Read more from these incredible stories, plus stories from 48 more veterans, in Sasha Maslov’s Veterans: Faces of World War II. 

Veterans

Power to the People: The World of the Black Panthers

Power to the People

Power to the People: The World of the Black Panthers by Stephen Shames and Bobby Seale

The following is an extract from Power to the People by Stephen Shames and Bobby SealePower to the People contents page

What Was the Black Panther Party?

The Black Panther Party was a revolutionary political organisation. Although its members were leaders of the Black Power movement, they were not black nationalists. Their “black pride” was not based on denigrating whites, but on showing the black community how to take control of its own destiny. The Black Panther Party worked for economic justice and power for all people.

Bobby Seale explains, “The Black Panther Party was an ‘All Power to All the People!’ organisation. It was a powerful grassroots activist organisation that formed coalitions seeking to further our civil human rights and achieve real freedom and justice for all the people. These were the political revolutionary objectives of my Black Panther Party.”

In their landmark book, Black against Empire, Joshua Bloom and Waldo E. Martin Jr. wrote:
What is unique and historically important about the Black Panther Party is specifically its politics. . . . They created a movement with the power to challenge established social relations. . . . From 1968 through 1970, the Black Panther Party made it impossible for the U.S. government to maintain business as usual, and it helped create a far-reaching crisis for U.S. society. . . . At the center of their politics was the practice of armed self-defense against the police. . . . The Panthers’ politics of armed self-defense gave them political leverage, forcibly contesting the legitimacy of the American political regime.{2}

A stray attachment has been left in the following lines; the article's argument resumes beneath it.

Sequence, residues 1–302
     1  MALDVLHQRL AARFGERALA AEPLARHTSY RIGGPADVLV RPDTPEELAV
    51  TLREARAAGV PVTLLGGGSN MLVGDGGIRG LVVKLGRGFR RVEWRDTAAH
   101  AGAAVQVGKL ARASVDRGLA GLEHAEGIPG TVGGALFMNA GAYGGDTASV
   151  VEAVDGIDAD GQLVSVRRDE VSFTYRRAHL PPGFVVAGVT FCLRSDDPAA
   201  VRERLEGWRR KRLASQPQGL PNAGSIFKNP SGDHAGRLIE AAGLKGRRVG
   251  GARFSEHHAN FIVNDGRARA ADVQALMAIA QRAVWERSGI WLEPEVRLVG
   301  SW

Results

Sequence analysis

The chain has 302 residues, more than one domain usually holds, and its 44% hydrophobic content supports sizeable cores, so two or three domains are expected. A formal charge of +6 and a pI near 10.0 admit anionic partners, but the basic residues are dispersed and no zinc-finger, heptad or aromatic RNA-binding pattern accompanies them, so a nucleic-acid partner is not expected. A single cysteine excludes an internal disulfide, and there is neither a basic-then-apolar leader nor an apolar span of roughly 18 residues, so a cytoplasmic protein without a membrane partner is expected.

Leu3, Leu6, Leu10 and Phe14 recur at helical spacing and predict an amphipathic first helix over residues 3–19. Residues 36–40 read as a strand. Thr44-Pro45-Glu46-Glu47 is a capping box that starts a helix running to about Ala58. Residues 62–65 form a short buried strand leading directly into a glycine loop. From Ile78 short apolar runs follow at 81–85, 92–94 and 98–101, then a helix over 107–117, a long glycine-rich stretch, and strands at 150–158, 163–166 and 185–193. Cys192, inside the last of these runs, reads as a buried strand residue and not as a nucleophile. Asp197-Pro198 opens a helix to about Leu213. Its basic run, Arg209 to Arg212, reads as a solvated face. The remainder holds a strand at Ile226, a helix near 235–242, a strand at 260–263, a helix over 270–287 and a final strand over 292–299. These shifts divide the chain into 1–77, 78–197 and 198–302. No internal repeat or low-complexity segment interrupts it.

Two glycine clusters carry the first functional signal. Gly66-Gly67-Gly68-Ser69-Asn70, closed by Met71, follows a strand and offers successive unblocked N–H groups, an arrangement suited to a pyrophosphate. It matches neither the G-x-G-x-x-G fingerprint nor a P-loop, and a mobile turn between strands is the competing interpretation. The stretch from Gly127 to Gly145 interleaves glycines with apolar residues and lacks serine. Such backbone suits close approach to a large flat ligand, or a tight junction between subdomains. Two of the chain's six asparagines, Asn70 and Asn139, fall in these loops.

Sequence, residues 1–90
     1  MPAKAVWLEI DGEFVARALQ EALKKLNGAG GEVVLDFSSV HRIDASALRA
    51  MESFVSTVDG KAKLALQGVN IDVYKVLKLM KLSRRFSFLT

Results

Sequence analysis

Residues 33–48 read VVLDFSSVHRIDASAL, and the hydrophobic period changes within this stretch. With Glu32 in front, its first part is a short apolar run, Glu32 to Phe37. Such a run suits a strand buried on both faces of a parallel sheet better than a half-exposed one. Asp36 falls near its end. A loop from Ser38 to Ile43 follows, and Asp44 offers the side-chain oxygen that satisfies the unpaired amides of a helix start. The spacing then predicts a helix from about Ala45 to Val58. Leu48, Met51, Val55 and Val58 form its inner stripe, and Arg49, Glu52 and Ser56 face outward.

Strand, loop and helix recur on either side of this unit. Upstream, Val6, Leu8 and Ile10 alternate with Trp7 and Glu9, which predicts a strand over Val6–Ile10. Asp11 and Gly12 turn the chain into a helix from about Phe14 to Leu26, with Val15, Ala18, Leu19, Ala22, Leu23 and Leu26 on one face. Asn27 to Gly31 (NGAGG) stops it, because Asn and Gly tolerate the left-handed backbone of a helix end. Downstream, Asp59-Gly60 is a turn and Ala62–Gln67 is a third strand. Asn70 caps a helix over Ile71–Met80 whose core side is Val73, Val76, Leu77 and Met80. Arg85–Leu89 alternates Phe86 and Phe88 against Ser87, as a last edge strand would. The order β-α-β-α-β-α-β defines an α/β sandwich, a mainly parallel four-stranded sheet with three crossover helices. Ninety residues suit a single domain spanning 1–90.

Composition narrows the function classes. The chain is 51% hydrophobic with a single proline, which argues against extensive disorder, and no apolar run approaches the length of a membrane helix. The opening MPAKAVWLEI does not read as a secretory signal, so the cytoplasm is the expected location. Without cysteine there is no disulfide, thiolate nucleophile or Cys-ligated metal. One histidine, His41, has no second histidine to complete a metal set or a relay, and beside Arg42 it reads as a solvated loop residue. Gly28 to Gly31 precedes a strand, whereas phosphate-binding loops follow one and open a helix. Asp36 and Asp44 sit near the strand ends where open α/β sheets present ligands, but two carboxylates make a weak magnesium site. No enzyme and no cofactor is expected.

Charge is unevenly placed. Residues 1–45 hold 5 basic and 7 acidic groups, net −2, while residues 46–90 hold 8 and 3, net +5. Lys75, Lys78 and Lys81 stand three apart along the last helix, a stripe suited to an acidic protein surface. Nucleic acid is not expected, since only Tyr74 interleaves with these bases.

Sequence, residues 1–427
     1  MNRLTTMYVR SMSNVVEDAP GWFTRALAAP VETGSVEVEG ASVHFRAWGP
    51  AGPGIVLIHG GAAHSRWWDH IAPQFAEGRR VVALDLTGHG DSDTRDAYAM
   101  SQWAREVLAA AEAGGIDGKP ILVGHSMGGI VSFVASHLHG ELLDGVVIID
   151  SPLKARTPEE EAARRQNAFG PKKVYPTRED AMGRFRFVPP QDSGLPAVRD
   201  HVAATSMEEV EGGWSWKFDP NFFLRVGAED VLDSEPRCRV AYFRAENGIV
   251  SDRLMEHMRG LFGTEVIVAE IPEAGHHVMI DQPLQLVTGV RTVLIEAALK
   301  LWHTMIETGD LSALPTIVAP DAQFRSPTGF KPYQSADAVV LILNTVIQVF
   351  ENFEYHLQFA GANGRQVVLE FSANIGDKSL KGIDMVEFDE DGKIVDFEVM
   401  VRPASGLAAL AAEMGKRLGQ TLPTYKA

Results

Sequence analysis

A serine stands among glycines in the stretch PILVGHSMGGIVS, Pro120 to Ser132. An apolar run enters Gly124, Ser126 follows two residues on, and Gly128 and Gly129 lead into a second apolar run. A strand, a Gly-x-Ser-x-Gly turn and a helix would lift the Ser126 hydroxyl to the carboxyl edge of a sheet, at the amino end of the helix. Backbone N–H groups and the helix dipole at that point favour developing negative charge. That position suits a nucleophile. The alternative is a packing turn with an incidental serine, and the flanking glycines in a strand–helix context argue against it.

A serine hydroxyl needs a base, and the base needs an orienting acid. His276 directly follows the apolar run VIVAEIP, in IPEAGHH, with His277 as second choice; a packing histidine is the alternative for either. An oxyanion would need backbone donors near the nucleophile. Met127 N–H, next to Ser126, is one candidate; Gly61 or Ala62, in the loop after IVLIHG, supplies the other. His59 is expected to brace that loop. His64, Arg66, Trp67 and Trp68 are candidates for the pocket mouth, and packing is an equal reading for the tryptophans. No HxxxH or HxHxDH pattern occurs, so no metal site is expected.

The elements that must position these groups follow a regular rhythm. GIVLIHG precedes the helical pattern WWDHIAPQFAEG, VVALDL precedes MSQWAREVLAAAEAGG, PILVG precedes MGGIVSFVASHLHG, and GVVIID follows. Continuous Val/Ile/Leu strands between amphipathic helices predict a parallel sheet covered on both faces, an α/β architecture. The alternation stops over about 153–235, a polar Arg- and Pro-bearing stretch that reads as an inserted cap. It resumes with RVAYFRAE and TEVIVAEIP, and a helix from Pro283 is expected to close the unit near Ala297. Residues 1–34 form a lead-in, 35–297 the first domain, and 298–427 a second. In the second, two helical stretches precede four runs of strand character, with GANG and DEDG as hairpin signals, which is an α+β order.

Many scholars have characterised the Black Panther Party as the most influential black movement organisation of the late 1960s. Professor Judson L. Jeffries has called the Panthers “the most effective black revolutionary organisation in the 20th century.”{3} Writing in the Los Angeles Times, Héctor Tobar called the organisation a “serious political and cultural force” and “a movement of intelligent, explosive dreamers.”{4}

Power to the People internal spread

 

The Legacy of the Panthers

The Panthers remain cult heroes today, a half century after their founding. They left a legacy of hope to black people in America—both youth and adults. Their courage, discipline, and dedication to serving the community continue to inspire.

Their survival programs provided a model for political action. We can thank the Panthers for shaming the federal government into action by feeding tens of thousands of children while the richest nation in the history of the world let them go hungry. The Panthers’ Free Breakfast for Children Program preceded the government’s school breakfast and lunch programs.